Like Kieran Egan, Steiner focuses on the qualitative nature of the cognitive abilities of succeeding generations. Steiner, however, is interested in the difference in the nature of consciousness that plays a formative role in the moulding of these abilities.
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Top Kirean Egan, Left Lev Vygotsky, Rudolf Steiner

The individual human being recapitulates the accomplishment of cultural milestones in human development (Egan).
The picture consciousness that characterises early childhood, Steiner suggested, was foreshadowed in the mythic nature of the consciousness of early peoples. In ancient times, Steiner observed, our consciousness was more participatory and filled with imaginative, picture content.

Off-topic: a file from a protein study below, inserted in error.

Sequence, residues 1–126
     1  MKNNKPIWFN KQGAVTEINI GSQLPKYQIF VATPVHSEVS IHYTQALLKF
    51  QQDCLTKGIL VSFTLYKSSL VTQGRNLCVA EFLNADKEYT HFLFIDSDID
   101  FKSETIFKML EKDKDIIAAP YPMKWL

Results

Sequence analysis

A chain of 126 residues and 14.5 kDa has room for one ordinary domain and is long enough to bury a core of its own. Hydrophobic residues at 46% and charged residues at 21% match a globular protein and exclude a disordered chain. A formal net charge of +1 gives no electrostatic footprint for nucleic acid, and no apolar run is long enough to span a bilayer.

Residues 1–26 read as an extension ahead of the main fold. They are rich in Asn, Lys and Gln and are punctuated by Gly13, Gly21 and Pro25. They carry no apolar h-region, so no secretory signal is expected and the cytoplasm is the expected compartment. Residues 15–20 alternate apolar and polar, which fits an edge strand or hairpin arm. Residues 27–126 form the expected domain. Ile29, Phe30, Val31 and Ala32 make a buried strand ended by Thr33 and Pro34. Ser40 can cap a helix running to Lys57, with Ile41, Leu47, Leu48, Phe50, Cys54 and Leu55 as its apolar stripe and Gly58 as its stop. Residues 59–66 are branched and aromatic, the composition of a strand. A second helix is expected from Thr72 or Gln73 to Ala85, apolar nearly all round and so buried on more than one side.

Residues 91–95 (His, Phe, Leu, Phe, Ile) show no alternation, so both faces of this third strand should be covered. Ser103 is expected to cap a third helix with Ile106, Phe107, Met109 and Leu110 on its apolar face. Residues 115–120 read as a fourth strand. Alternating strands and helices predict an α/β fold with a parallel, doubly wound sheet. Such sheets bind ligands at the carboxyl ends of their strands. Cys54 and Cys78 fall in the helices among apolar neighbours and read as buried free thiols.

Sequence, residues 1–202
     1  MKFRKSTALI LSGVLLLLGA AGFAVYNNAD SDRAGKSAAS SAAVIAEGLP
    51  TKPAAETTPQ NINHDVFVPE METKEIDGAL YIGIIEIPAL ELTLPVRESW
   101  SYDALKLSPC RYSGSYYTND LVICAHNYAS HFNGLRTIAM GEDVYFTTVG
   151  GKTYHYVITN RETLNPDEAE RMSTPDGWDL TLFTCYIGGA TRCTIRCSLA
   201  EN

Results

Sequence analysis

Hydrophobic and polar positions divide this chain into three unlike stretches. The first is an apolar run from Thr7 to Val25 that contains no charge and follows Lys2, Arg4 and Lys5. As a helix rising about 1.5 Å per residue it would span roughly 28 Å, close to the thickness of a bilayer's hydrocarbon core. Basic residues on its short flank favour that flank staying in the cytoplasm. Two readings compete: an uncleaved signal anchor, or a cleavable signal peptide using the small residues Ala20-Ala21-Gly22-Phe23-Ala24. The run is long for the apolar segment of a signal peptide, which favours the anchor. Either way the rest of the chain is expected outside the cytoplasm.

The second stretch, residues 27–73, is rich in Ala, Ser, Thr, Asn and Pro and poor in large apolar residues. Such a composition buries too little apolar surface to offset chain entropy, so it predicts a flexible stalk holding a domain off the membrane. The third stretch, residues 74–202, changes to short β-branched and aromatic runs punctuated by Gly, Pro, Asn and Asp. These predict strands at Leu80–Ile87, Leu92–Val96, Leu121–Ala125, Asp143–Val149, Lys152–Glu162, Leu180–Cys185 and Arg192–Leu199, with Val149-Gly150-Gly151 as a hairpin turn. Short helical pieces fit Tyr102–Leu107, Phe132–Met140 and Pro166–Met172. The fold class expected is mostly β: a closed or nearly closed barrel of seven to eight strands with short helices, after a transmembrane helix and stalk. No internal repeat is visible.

During the early Renaissance a more rational, logical, and scientific consciousness began to emerge. Overtime the flowering of rationalism led to the loss of our earlier imaginative capacities and disconnection from our spiritual inheritance.

Our task in the emerging epoch, Steiner noted, is to regain imaginative consciousness without losing the positive rational elements of the past. Ken Wilber (2000) calls this consciousness vision logic.

The nature of human consciousness evolves over time. The development of consciousness in the individual human being mirrors this unfolding evolution of the consciousness of humanity (Steiner, 1923/1966).

Learn more in the S Series below